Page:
High life on the Mongolian Steppes
A luxurious experience on the vast grasslands in the land of the blue sky is not about having your creature comforts, but the privilege to witness glorious sights and immerse in the nomadic lifestyle
For the last 30 minutes, we seem to be driving into a ball of glowing ember that is disappearing into the horizon amid a tie-dye tapestry of lilacs and pinks. By the end of our seven-hour journey from Ulaanbaatar, an inky darkness has descended upon us. If the Mongolian sunset is a sight to behold, the night skies of Mongolia is an infinite starlit canvas beyond my imagination. But under these skies, it is pitch dark at the campsite I have arrived at.
So when I wake up the next morning, I am unprepared for the sights outside my ger. A plateau fringed by forested hills lies at the foot of the ridge on which my ger – one out of 40 in a camp – stands. A river the colour of molten silver runs through the valley, while the soft, rhythmic bleating of sheep grazing on its banks bounces off the lush glade. I am at the Genghis Khan Retreat in Orkhon National Park, 400km west of Ulaanbaatar.
Formerly known as the Genghis Khan Polo Camp, the camp has been popping up on the same spot every summer since the 1990s. Just three years ago, it was rebranded as the Genghis Khan Retreat to more accurately reflect the range of activities offered at the camp. These run the gamut of archery, rock-climbing, fishing in the Orkhon river, cycling, and also field excursions (it’s just a 30-minute drive to the ancient city of Karakorum). Horse riding and polo remain at the heart of what it does, which is to bring polo back to the steppes (the dream of founder Christopher Giercke who is German by birth and married to a Mongolian) and also provide better opportunities for nomadic children. Besides the name change, the camp also started taking in bookings from the public. Prior to this, it was only open to friends and family, and a very select group of guests. D’Artagnan Giercke, Christopher’s second son and general manager of the camp, shares that becoming self-sustainable is a priority. Just this year, the camp, which is still owned and managed by the same people, has also become available for booking under the Pavilions Hotels & Resorts owned by Gordon Oldham, a good friend of Christopher’s.
On this luxury ger camp, you will not find the usual reference points of luxury, such as 800-threadcount bed sheets or a Dyson hairdryer. Luxury here is understated and in the details. The walls and floors of the gers are lined with thick layers of sheep wool, providing insulation against the harsh Mongolian winds while you sleep under the finest cashmere blanket (Christopher also supplies cashmere to Hermès). There are outdoor showers overlooking verdant vistas, and lacquered Japanese bathtubs indoors for those who prefer a soak. The kitchen is helmed by Mingmar Sherpa, a Nepalese chef who turns out spaghetti bolognese and fried Mongolian dumplings known as khuushuur with as much finesse as he whips up Nepalese curries. A massage therapist and a yoga instructor are available as well. Resident shaman, Shiva, conducts blessing ceremonies, and is in high demand for bone setting.
What I particularly enjoy are the long gallops across the steppes where my heart feels as expansive as the land before me: edelweiss-strewn fields where grazing cows gaze curiously at us. The daily stick-and-ball sessions pay off as I begin to hit the ball with more accuracy and force at increasing paces. On my last day, we play a chukka between four in groups of two. I don’t remember which team won but I remember the joy and laughter on the polo field that afternoon.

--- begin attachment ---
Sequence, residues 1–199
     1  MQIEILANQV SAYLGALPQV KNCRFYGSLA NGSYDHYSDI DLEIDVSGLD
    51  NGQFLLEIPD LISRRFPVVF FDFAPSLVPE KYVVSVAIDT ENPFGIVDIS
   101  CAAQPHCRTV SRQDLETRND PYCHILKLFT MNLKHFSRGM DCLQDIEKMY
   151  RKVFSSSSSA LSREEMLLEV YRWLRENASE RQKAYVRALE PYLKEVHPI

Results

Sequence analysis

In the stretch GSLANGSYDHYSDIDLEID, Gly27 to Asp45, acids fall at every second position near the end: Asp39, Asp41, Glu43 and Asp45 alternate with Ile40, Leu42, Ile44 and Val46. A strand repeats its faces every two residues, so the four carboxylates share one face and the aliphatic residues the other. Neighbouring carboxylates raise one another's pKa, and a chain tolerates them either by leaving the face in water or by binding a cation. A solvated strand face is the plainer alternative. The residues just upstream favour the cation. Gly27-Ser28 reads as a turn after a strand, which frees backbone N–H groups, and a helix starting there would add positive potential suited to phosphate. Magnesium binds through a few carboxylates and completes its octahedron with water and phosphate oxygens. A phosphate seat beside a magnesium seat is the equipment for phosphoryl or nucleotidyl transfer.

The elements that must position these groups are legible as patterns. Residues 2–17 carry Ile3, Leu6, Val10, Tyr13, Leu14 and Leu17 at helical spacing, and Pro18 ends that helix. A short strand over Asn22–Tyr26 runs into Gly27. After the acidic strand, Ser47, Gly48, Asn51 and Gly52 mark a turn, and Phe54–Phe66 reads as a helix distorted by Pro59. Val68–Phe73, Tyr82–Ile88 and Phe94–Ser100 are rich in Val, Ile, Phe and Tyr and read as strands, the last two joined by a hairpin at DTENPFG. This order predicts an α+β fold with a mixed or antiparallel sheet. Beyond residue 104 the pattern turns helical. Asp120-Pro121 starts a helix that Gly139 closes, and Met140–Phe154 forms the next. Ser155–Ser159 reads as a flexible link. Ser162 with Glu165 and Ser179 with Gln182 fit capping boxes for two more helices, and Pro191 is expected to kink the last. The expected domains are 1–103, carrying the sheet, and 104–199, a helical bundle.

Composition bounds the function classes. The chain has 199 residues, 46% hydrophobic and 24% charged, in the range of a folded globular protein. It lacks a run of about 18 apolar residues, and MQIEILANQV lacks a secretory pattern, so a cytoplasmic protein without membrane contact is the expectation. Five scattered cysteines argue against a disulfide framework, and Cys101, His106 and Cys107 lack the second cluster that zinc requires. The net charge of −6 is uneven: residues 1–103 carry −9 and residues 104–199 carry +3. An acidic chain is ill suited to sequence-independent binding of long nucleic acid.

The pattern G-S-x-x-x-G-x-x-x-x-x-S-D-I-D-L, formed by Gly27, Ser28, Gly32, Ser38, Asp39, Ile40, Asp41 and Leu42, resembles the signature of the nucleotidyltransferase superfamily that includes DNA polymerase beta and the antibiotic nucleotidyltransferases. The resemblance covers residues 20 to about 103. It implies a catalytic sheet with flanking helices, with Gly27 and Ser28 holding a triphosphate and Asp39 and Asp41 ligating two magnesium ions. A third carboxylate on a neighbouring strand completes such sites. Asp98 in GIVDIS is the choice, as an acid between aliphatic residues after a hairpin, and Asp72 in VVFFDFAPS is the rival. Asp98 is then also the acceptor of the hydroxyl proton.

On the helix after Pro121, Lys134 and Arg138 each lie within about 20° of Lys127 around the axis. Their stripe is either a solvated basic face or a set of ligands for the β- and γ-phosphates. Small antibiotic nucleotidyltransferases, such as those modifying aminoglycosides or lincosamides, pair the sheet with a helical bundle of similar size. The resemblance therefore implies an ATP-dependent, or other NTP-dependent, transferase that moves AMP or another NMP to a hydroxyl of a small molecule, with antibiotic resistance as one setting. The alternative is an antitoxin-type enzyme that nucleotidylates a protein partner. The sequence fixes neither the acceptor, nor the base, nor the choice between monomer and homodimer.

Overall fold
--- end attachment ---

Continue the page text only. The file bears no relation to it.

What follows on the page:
Arriving at end August, I have missed the camp in full swing, which is in July and early August. But as one of the last guests, I join the closing party. All the nomads (and their families) who have worked or helped out at the camp show up. Some have worked on the camp since it started. D’Artagnan grew up with some of their children, now in their twenties. Some even met their spouses at the camp. For an outsider, it felt strangely heartwarming to be in the midst of this large extended “family” gathering. As a big bowl of airag (fermented mare’s milk) made its way around the dining ger, the locals took turns to sing. I imagine their plaintive singing undulating through the air, out of the ger and over a limitless expanse that lies under the blackest sky punctuated with countless twinkling stars, and my heart swells with joy.
Stopover in Ulaanbaatar
The gateway to the country for foreign visitors, grey and dusty Ulaanbaatar is a sharp contrast to the countryside that lies beyond it. But a short stay in Ulaanbaatar to refresh before flying home is a must. Besides, there is gorgeous Mongolian cashmere to stock up before leaving.
Within walking distance to Galleria where top cashmere brands Gobi Cashmere and Goyol are housed is Shangri-la Ulaanbaatar, the city’s newest luxury hotel. Besides well-appointed rooms and sumptuous dining options (the Chinese restaurant is said to be the best in the city), Shangri-la is also where I got a glimpse of Ulaanbaatar’s high society.
Closer to the famous Naran Tuul market is the Kempinski Hotel Khan Palace, another international five-star hotel. I opted for some tapas at the bar even though the Japanese teppanyaki restaurant is highly recommended, as I wanted a quick dinner. I had earlier surrendered my sore muscles to the ministrations of a massage therapist at the hotel’s spa. Thus reduced to putty, I found the bed extremely inviting.
For those wanting to extend the ger experience, the Terelj National Park, less than 90 minutes away by car, is home to the Alungoo Ger Hotel. The luxury gers onsite have heated flooring, en suite toilets and showers. Sign up for trekking, horse riding and even visit nomadic families here too.